The news has been bleak in America, and world wide for a number of months. We have watched death tolls climb and the economy fall apart and seen what should be a crisis that brings us all together to work for a solution turn into yet another partisan shooting match. It seemed there could be no bigger story than COVID-19. But the USA is full of surprises.
In some ways this has been boiling just beneath the surface of the COVID story all along. Black Americans have died from COVID at 3X the rate of White Americans. 1 out of every 2000 Black Americans have died from COVID. These rates are staggering. The story of the disparity between White and Black America has been in our faces for months, now. And then, in an all too familiar scene, the country was reminded again of what that disparity really looks like in the horrifying image of Derek Chauvin, along with Thomas Lane and J. Alexander Keung, kneeling on George Floyd.
Derek Chauvin killed George Floyd, a 46 year-old unarmed black man, by kneeling on his neck. Floyd could be heard pleading for help in a video that captured the horrific event. For many, this was just another incident of police brutality against a community that has been repeatedly and systematically oppressed and abused by a police state. But for others, this was a tipping point. The event led to protests in Minneapolis that began peacefully but transitioned to more volatile demonstrations after the police reacted in hostile ways. By the weekend Minneapolis was wracked with rioting and looting. It was a community torn apart, similar to the L.A. riots after a jury acquitted police of the beating of Rodney King. The National Guard is involved, the President has threatened protesters and quoted an infamous segregationist in saying when the looting starts the shooting starts, and the news coming out of Minneapolis gets more distressing by the hour.
It is interesting to note that the two presidents in the modern era that have been most invested in the rhetoric of “law and order” have been the most lawless and corrupt Presidents. Nixon and Trump were both elected on “law & order” platforms, but both struggled with ethics and legal violations throughout their presidencies. This just emphasizes that “law and order” rhetoric has little to do with maintaining any kind of organization and is really coded rhetoric for oppressing marginalized communities. “Law and order” has long been recognized as “dog whistle” politics that is really a message to supporters that a candidate will engage in as many suppressive tactics and policies as possible. Some commentators, mostly white, criticize protesters for their actions, asking, as Tomi Lahren did, “How does looting, rioting, and destroying your OWN community bring justice for anyone?”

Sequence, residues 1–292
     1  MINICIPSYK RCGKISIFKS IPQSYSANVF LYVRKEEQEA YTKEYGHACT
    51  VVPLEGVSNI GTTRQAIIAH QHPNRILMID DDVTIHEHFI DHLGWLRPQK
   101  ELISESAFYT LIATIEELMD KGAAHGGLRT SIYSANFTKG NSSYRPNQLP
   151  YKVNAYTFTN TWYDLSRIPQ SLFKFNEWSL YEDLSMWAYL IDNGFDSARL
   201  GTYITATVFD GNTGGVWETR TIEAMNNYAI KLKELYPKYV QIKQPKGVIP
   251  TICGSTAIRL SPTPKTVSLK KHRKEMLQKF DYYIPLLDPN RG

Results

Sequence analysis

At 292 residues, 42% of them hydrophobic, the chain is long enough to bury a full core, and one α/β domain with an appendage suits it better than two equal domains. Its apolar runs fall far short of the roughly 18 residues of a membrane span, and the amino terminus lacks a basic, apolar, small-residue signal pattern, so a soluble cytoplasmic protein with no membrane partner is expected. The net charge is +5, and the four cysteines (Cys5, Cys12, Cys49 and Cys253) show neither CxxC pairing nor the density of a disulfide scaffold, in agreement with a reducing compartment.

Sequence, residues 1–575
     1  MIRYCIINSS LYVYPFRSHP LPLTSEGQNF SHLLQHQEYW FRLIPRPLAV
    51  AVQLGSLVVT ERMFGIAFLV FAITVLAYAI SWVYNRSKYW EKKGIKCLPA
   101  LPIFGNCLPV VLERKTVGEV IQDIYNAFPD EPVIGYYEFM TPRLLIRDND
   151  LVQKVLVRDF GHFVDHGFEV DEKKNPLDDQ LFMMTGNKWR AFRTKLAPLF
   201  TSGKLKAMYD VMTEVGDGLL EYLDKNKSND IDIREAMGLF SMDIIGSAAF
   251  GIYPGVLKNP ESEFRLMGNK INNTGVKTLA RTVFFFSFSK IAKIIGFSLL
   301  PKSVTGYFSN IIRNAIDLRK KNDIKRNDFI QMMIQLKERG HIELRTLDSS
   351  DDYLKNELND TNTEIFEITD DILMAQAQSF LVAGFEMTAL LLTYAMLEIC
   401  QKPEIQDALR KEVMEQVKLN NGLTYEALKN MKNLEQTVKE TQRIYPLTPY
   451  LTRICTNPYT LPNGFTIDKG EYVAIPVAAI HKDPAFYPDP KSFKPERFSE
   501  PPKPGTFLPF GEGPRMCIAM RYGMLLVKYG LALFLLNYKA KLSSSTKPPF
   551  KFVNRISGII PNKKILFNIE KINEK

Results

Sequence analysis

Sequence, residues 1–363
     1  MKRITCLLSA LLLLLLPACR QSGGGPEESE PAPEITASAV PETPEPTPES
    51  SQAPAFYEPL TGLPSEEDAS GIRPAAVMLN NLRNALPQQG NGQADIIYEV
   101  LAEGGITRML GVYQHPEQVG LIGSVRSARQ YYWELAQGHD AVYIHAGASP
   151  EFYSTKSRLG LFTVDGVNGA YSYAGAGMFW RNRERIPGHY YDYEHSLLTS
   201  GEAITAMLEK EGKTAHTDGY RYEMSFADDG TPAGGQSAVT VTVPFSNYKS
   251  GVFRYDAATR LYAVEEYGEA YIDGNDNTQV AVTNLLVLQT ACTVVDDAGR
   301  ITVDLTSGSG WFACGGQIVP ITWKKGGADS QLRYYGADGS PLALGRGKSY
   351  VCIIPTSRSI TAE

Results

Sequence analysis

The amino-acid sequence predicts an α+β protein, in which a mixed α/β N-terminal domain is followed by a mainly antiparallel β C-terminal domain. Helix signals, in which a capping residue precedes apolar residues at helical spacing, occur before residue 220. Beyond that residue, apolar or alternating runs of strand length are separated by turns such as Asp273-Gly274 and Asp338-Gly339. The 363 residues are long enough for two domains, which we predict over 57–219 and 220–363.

So let’s talk about rioting for just a minute. Is it rhetorical? What are you saying when you stop using your words and get physical?
First there tend to be two kids of rioters, and they tend to be at two very opposite ends of the spectrum. The first kind of rioter is the most privileged among us. They riot when everything is great. These are the groups that get violent or disruptive when their team wins the national championship or groups seem to simply delight in destruction like the fraternities at the Keene, New Hampshire Pumpkin Festival. These are groups who riot because everything is great and there is this exuberant energy with nowhere to put it and there doesn’t seem to be any fear of consequences. These rioters are operating out of a real sense of privilege. They feel like destruction is a legitimate form of expression for which they will not be held accountable. The destruction is supposed to be fun. The rioting is an expression of joy or excitement. Interestingly, there is much less criticism of this kind of rioting than there is of the other.
The second kind of rioting is at the other end of the spectrum. This kind of rioting happens when a group has been denied all other means of argumentation. When a group has been systematically marginalized and silenced and they have no means of speech left – they have been pushed out of normal means of discourse – they turn to physical rhetoric. This kind of rioting happens when all other venues of argument have been closed to a group – often a marginalized group. Public speech has been silenced, protest has been shut down – the only means they have left to communicate is disruption. This kind of rioting usually receives a great deal of criticism. But we have to be honest with ourselves – the people who are rioting have been criticized for a long time up to that point. These rioters have been unduly policed and disciplined for quite some time and in ways that the powerful have had to deal with already. Critics have been trying to silence them for quite some time before the volatility of a riot – that’s why a riot happens – because their voice has been stripped from them previously.